In retrospect, it now appears that much of the criticism of the pioneering work of Meadows et al was out of the inertia of a contemporary paradigm of progress or development instead of observation and critical analysis. In 2008 researcher Peter A. Victor wrote, that even though D.H. Meadows et al. probably underestimated price-mechanism’s role in adjusting, their critics have overestimated it. He states that Limits to Growth has had a significant impact on the conception of environmental issues and notes that the models in the book were meant to be taken as predictions “only in the most limited sense of the word” as they wrote. In 2008 Graham Turner at the Commonwealth Scientific and Industrial Research Organization (CSIRO) in Australia published a paper called “A Comparison of `The Limits to Growth` with Thirty Years of Reality“. It examined the past thirty years of reality with the predictions made in 1972 and found that changes in industrial production, food production and pollution are all in line with the book’s predictions of economic and societal collapse in the 21st century. In 2010, Peet, Nørgård, and Ragnarsdóttir called the book a “pioneering report”, but said that, “unfortunately the report has been largely dismissed by critics as a doomsday prophecy that has not held up to scrutiny.” In 2011 Ugo Bardi analyzed the ‘The Limits to Growth’, its methods and historical reception and concluded that “The warnings that we received in 1972 … are becoming increasingly more worrisome as reality seems to be following closely the curves that the … scenario had generated.”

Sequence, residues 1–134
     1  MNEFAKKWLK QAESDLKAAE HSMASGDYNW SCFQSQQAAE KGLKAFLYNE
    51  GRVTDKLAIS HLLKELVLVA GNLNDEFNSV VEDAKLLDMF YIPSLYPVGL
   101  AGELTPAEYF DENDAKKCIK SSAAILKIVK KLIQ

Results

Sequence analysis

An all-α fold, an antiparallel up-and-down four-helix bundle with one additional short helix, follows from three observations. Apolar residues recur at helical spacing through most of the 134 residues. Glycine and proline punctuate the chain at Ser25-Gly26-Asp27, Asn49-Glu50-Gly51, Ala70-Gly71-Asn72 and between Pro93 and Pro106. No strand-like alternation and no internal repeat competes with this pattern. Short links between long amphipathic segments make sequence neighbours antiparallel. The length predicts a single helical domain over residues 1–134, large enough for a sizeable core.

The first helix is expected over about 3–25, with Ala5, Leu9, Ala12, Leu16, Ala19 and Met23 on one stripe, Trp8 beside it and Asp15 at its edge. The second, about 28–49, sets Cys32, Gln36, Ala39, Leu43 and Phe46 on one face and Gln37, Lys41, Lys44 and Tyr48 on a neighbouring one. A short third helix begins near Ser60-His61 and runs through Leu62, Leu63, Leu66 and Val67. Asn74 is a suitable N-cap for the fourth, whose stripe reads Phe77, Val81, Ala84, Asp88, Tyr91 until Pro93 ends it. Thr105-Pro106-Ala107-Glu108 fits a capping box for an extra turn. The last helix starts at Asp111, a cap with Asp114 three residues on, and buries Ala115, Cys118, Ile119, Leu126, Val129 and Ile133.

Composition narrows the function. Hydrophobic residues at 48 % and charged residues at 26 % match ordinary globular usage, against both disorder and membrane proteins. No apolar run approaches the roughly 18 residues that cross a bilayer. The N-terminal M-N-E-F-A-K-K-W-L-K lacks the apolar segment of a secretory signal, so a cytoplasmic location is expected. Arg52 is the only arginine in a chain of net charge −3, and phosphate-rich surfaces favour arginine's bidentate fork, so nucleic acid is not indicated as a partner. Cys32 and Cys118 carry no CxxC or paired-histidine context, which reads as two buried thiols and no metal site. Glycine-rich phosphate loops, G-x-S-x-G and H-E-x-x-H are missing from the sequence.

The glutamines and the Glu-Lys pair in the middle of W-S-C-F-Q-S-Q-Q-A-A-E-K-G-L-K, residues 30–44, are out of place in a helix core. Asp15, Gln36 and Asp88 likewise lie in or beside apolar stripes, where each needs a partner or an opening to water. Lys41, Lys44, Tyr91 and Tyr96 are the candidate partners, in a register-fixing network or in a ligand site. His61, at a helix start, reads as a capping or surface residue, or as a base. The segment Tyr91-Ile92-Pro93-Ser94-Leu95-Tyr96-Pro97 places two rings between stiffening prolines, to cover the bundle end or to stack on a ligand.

For all who are interested, The Limits to Growth, contrary to popular belief, did not predict world collapse by the end of 20th Century. It gave three scenarios, namely, (a) standard run – the business as usual growth that simply ignores the negative effects on the five variables, (b) comprehensive technology – response by world systems in terms new and low-waste technology evenly penetrating into the whole world and (c) steady state – response by world systems in terms of new economic price-mechanisms that takes into account the environmental costs and thereby limits the growth rate within an equilibrium. Common experience shows that world is moving along scenario (a) that is standard run – and I shall contend that the world has so far shown neither the political wisdom nor the economic ingenuity to do any better – the analysis of last 30 years of historical data compares favorably with the Standard Run Scenario prediction, which results in the collapse of global systems midway through 21st Century or 2050 AD. See picture below:
If this is the future in anticipation, and for a minute we agree to wake up from denailist dream of infinity optimism, what is the adaptive/mitigative response of the world? I shall attempt to present that in my next post.
A Comparison of the Limits To Growth With Thirty Years of Reality by Graham Turner
Feature Image Credit: Policy Progress